This knowledge is used to determine an amplification factor for each of the cells in the array. These amplification factors are transferred from the controller 225 to RAM memories 219, 220, and 221. A counter 222 is reset by a line clock signal LC from the clock generator unit 224 and is increased by one each time it receives a pixel clock pulse. The counter value represents the pixel number in a line and is transferred to the RAM memories 219, 220, and 221 for addressing the corresponding amplification factors (one for each colour channel). The amplification factors are transferred to multipliers 214, 215, and 216 in which the digitised pixel value is compensated with the corresponding amplification factor and thus producing the amplified output values which are multiplexed into a single channel by the multiplexer 217 and stored in a memory 218, from where it is available for a connected computer (not shown) connected to receive the digital representation of a scanned document.

To avoid the dependency on the condition of the normal white scanner background, which can be scratched and dirty, the equalisation is based on the reference line profile data, obtained from scanning the white reference background previously, and stored in the non-volatile memory 223. The line profile data from the present normal scanner background is read into the RAM memory 218. The controller 225 reads the line profile data from RAM memory 218, filters it using a low-pass filter and compares it with low-pass filtered line profile data based on the normal scanner background which was previously stored in non-volatile memory 223. The difference between the two sets of line profile data (caused by temperature changes of the light source etc.) is added to the second set of line profile data in the non-volatile memory 223, which were based on a clean white reference scanner background. The result is used to calculate amplification values which are transferred from the controller 225 to the RAM memories 219, 220, and 221 are thereby ready for use.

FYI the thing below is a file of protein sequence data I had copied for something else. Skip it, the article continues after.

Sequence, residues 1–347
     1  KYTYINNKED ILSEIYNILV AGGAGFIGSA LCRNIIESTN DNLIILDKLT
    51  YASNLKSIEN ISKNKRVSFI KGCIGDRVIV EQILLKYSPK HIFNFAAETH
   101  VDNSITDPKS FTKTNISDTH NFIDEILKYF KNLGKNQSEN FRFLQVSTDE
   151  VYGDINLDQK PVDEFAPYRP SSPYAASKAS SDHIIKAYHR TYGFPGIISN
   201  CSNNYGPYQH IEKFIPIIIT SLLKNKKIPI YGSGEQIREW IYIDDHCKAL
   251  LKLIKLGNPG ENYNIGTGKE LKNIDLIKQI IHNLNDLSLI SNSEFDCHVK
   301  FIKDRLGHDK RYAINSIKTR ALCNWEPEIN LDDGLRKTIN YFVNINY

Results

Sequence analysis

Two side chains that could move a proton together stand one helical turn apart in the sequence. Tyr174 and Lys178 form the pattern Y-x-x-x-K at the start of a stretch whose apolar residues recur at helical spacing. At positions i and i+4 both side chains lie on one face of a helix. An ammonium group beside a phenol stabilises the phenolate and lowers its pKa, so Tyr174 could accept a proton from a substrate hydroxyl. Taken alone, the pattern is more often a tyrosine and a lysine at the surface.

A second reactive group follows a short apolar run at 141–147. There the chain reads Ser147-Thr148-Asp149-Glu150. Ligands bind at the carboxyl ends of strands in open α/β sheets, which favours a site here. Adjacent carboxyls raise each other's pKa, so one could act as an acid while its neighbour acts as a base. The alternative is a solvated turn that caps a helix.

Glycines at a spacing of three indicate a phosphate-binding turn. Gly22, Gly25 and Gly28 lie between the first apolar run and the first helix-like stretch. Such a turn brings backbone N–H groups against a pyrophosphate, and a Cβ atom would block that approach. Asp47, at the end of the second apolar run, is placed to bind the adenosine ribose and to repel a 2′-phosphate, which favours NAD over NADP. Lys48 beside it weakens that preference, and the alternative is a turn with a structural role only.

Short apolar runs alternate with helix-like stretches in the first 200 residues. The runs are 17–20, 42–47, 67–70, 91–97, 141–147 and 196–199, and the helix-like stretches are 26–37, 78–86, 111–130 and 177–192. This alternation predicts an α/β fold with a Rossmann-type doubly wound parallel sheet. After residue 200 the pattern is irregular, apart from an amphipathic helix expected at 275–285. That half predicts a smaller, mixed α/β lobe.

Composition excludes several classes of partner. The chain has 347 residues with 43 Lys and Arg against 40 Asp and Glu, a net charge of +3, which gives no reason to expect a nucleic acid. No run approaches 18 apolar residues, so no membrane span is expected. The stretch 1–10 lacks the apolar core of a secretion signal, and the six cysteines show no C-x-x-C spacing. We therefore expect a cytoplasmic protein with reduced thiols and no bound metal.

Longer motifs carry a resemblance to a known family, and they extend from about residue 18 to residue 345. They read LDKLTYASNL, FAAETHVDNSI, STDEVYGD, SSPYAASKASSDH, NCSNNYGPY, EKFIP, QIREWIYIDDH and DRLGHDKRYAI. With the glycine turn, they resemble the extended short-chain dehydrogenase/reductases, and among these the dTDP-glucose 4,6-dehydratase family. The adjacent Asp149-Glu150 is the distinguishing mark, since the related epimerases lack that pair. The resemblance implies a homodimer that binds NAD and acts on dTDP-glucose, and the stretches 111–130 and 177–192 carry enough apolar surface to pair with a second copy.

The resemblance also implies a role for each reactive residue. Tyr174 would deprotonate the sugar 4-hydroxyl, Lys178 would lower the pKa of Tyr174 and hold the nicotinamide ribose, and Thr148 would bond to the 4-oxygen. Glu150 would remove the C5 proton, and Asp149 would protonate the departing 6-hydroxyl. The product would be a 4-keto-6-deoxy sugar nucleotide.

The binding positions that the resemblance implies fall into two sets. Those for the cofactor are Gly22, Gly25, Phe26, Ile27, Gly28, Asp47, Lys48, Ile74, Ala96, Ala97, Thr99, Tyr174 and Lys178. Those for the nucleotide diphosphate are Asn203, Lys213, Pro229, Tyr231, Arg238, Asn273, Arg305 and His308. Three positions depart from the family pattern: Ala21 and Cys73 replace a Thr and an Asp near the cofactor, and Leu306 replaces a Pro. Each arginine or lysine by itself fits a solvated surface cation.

Preferably, the line profile data is filtered using a median filter having a filter length corresponding to 1 to 3 cm. However, other filter types and other filter lengths can be used.